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ORDER BY Clause (Microsoft Access SQL)

Last modified: November 07, 2011

Applies to: Access 2013 | Office 2013

In this article
Syntax
Remarks
Example
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Sorts a query's resulting records on a specified field or fields in ascending or descending order.

SELECT fieldlist FROM table WHERE selectcriteria [ORDER BY field1 [ASC | DESC ][, field2 [ASC | DESC ]][, …]]]

A SELECT statement containing an ORDER BY clause has these parts:

Part

Description

fieldlist

The name of the field or fields to be retrieved along with any field-name aliases, SQL aggregate functions, selection predicates (ALL, DISTINCT, DISTINCTROW, or TOP), or other SELECT statement options.

table

The name of the table from which records are retrieved. For more information, see the FROM clause.

selectcriteria

Selection criteria. If the statement includes a WHERE clause, the Microsoft Access database engine orders values after applying the WHERE conditions to the records.

field1, field2

The names of the fields on which to sort records.

ORDER BY is optional. However, if you want your data displayed in sorted order, then you must use ORDER BY.

The default sort order is ascending (A to Z, 0 to 9). Both of the following examples sort employee names in last name order:

SELECT LastName, FirstName 
FROM Employees 
ORDER BY LastName; 
SELECT LastName, FirstName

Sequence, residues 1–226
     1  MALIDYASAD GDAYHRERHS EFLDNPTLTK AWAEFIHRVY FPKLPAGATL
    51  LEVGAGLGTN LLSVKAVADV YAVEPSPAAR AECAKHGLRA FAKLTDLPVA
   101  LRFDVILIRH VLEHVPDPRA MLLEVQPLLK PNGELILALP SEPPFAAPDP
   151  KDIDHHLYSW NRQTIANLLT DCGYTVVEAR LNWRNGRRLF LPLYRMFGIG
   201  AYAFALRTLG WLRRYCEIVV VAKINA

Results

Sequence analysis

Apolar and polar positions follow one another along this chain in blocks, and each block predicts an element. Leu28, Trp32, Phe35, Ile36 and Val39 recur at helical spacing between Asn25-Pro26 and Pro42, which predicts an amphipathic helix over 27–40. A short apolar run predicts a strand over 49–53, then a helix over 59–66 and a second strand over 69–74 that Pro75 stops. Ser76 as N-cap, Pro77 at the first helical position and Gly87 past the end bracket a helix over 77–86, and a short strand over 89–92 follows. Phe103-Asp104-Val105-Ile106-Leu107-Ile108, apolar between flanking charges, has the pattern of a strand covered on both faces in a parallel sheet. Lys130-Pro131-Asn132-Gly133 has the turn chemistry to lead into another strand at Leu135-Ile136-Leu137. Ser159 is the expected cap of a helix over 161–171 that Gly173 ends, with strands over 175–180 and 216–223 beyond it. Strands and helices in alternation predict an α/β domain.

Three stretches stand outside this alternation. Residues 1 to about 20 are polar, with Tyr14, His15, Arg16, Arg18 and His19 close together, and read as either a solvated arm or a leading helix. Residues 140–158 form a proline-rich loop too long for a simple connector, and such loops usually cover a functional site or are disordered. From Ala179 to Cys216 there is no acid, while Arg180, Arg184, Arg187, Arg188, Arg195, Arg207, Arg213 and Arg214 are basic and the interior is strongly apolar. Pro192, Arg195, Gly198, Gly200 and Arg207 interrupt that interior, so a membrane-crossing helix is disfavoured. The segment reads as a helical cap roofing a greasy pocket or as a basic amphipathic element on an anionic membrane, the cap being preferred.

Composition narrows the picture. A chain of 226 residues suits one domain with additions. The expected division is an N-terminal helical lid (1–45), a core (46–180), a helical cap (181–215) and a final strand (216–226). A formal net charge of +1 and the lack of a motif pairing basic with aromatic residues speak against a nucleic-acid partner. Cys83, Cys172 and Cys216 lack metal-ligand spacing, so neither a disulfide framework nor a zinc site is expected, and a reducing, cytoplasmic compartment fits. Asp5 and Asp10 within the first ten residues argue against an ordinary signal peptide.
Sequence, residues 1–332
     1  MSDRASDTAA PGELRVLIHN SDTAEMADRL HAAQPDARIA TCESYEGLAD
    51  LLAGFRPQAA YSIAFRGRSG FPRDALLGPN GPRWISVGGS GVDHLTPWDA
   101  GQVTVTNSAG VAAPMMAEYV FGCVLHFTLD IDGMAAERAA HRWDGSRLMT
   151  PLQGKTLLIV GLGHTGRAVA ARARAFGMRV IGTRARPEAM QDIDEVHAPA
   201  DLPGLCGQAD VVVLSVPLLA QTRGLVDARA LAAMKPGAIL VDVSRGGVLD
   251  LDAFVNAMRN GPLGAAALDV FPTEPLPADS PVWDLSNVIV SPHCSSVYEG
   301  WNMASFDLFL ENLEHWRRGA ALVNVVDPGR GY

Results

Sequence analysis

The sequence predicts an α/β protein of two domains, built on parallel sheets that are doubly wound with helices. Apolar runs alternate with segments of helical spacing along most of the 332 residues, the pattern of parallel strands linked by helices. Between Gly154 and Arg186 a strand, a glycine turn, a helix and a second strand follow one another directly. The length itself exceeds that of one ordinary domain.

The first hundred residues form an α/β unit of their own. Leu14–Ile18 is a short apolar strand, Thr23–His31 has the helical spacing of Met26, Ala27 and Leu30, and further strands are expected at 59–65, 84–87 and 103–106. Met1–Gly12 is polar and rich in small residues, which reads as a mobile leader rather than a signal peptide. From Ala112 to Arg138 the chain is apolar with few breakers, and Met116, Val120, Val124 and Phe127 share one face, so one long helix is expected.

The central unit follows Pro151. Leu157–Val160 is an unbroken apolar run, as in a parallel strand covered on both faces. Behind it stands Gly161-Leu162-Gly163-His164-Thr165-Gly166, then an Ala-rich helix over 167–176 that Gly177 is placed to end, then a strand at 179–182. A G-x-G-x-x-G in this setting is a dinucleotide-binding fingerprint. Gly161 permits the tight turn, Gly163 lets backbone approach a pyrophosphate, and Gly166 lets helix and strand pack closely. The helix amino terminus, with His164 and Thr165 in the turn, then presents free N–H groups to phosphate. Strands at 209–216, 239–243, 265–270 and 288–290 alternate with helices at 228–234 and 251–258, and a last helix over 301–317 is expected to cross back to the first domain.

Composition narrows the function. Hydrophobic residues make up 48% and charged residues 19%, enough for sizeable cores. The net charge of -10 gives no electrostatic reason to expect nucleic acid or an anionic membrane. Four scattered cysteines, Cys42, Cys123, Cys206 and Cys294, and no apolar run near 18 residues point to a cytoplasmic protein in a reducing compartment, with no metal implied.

FROM Employees 
ORDER BY LastName ASC;

To sort in descending order (Z to A, 9 to 0), add the DESC reserved word to the end of each field you want to sort in descending order. The following example selects salaries and sorts them in descending order:

SELECT LastName, Salary 
FROM Employees 
ORDER BY Salary DESC, LastName;

If you specify a field containing Memo or OLE Object data in the ORDER BY clause, an error occurs. The Microsoft Jet database engine does not sort on fields of these types.

ORDER BY is usually the last item in an SQL statement.

You can include additional fields in the ORDER BY clause. Records are sorted first by the first field listed after ORDER BY. Records that have equal values in that field are then sorted by the value in the second field listed, and so on.

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The SQL statement shown in the following example uses the ORDER BY clause to sort records by last name in descending order (Z-A).

This example calls the EnumFields procedure, which you can find in the SELECT statement example.

Sub OrderByX() 
 
    Dim dbs As Database, rst As Recordset 
 
    ' Modify this line to include the path to Northwind 
    ' on your computer. 
    Set dbs = OpenDatabase("Northwind.mdb") 
 
    ' Select the last name and first name values from  
    ' the Employees table, and sort them in descending  
    ' order. 
    Set rst = dbs.OpenRecordset("SELECT LastName, " _ 
        & "FirstName FROM Employees " _ 
        & "ORDER BY LastName DESC;") 
     
    ' Populate the Recordset. 
    rst.MoveLast 
     
    ' Call EnumFields to print recordset contents. 
    EnumFields rst, 12 
 
    dbs.Close 
 
End Sub

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